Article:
Thus, Corrigan took off to the east with everyone, except maybe for himself and the airport manager (although the manager denied any such knowledge), expecting him to turn around and head west. Just over 28 hours later, Corrigan landed his Curtiss Robin OX-5 at Baldonnel Airport, in Dublin, Ireland. It had been his dream to fly non-stop to Ireland but federal officials in the USA had not certified his plane as ready for such a flight even though he had repeatedly modified it for such a trip. Upon arrival in Ireland he was questioned by authorities over and over again about how it was he had flown to Ireland instead of to California as had been his flight plan. He repeatedly stated that he had taken off in thick fog, rose to an altitude where he was surrounded by thick fog or cloud cover, had to fly using his compass alone as a directional aid, and that when he finally broke cloud cover and got more light, about 26 hours into his flight, the additional available light allowed him to see he had been reading his compass incorrectly and flying east instead of west. Despite the disbelief of Irish officials, he stuck to that story finally telling them: "That's My Story"! In fact, he stuck with it for the rest of his life and even wrote a book, his autobiography, by that name. All that regardless of the suspected fact that he supposedly had plans to disregard U.S. aviation officials and fly to Ireland without their permission. (He reportedly had discussed his plans, earlier on, with friends.)
His pilot's license was suspended for a short time but was reinstated by the time he had returned to America. He and his plane returned by ship. He came back to an America still ravaged by the Great Depression and yet he was given a hero's welcome. A parade was held in his honor, in a blizzard of ticker-tape despite the 93.1 degree temperature in NYC on August 4, 1938. It was reported that 1 million people attended his parade, more people than attended the parade for Charles Lindbergh. (Disappointingly for Corrigan, Lindbergh never recognized Corrigan's accomplishment.) I do not know who coined his nickname, but from then on he was referred to as 'Wrong Way Corrigan' and the NY Post ran the headline "Hail Wrong Way Corrigan" printed backwards.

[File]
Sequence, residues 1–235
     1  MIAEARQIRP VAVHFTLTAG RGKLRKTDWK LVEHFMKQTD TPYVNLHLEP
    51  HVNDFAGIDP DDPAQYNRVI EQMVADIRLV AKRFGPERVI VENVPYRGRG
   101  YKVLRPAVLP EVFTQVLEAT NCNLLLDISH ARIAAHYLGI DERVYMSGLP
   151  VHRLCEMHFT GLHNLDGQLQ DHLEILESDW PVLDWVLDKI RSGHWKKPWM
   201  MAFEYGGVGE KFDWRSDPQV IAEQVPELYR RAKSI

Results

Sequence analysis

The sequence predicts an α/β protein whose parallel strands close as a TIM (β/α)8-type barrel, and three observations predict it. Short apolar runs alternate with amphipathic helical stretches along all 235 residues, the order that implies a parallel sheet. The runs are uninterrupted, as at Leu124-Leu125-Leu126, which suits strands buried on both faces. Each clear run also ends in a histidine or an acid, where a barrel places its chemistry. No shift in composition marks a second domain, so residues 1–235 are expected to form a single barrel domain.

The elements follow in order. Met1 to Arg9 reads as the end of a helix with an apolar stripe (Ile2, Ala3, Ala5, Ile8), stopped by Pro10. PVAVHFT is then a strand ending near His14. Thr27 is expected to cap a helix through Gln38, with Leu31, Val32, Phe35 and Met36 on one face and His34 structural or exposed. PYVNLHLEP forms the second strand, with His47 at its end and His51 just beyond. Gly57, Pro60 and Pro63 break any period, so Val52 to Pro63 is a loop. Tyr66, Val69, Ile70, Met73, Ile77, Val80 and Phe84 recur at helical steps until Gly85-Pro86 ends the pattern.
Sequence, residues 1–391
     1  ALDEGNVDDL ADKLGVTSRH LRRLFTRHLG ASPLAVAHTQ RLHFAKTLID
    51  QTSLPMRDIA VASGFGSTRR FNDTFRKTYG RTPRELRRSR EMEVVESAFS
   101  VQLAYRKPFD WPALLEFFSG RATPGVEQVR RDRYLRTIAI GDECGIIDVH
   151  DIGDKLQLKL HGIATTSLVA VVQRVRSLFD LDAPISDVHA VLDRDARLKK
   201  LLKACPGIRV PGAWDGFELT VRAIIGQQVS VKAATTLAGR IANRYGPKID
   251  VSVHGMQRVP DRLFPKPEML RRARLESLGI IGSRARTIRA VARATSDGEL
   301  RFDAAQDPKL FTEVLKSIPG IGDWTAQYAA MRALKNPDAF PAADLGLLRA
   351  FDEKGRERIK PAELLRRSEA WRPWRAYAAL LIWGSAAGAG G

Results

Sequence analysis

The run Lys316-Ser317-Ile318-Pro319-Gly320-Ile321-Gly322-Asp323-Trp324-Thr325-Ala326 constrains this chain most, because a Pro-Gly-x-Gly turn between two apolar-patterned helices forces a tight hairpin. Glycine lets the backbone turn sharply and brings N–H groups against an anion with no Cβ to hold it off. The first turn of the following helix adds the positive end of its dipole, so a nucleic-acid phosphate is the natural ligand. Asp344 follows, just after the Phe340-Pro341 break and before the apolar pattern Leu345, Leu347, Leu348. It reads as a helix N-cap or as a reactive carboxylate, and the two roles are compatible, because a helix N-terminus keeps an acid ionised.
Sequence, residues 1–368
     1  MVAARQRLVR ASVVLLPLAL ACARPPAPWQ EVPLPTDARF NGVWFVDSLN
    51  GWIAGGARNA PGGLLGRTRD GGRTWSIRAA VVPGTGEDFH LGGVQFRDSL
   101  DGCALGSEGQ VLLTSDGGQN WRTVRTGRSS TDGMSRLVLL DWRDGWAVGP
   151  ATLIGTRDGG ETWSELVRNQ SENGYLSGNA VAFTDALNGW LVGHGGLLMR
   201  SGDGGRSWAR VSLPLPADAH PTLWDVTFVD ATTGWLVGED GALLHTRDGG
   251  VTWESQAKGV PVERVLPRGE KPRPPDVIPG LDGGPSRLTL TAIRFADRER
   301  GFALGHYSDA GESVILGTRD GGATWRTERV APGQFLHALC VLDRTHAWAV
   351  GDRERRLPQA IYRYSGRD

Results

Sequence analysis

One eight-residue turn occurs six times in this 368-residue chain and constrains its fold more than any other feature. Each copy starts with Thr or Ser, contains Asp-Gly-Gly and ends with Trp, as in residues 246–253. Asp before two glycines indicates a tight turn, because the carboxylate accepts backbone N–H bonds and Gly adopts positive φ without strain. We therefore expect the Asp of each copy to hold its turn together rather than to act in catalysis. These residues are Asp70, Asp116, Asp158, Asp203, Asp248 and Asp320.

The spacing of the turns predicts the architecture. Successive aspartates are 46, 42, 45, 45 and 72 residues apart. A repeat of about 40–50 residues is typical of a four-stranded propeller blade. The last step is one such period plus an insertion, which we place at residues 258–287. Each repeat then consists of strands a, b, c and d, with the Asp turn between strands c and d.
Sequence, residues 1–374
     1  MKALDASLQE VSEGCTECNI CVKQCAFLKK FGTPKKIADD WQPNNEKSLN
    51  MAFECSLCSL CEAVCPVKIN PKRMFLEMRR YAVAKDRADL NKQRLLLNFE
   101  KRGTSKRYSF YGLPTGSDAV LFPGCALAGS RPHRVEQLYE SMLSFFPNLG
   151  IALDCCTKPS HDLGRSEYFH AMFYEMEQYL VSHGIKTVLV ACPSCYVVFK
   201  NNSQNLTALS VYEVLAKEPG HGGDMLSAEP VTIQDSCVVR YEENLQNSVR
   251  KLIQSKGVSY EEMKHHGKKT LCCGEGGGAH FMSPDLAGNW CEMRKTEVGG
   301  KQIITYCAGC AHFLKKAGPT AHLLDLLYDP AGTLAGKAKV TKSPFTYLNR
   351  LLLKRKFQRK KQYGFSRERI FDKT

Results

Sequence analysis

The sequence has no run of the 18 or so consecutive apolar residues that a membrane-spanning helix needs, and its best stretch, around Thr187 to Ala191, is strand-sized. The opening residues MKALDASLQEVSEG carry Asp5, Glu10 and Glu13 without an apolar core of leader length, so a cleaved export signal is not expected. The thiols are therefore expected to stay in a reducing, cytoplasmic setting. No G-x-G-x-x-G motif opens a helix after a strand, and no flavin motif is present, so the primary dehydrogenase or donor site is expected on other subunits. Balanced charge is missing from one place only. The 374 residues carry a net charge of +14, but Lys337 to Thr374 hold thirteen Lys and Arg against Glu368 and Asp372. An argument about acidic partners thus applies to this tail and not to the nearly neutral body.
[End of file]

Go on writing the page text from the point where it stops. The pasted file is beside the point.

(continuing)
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Above jpg found at Wikipedia.
He certainly was a different sort of man than most we see today; he had brass balls so to speak for having tried that feat in his plane considering the condition it was in at the time. Pay attention to the Wikipedia article when they quote a reporter who gave the plane a once over after it had arrived in Ireland. It was in scary condition from the sound of it - quite possibly truly not airworthy after all, making this flight all the more amazing. Maybe they should have added another word to his moniker and had it come out like: Crazy Wrong Way Corrigan or Ballsy Wrong Way Corrigan. Whatever the real reason for him having flown the wrong way though, he assured himself a sort of immortality by his having done so. Today, 73 years later, we still often refer to folks with a bumbling poor sense of direction with the term Wrong Way placed before their names (and now you know why if you did not know before).
Ironically, his son was killed in an air crash in the 1970s. In 1988 he celebrated the golden jubilee of his flight and rolled the Robin out of her hangar. Police reportedly considered tethering the plane to the ground so he would not fly off in it! He passed away in 1995. There is a lot more to Douglas 'Wrong Way' Corrigan's story but without a doubt, his wrong way flight made him famous and ultimately made him rich. If you want to read more about him go to the references below. The one at Wikipedia is longer and has much more of his story, it is pretty fascinating but either one is a good read.
All the best,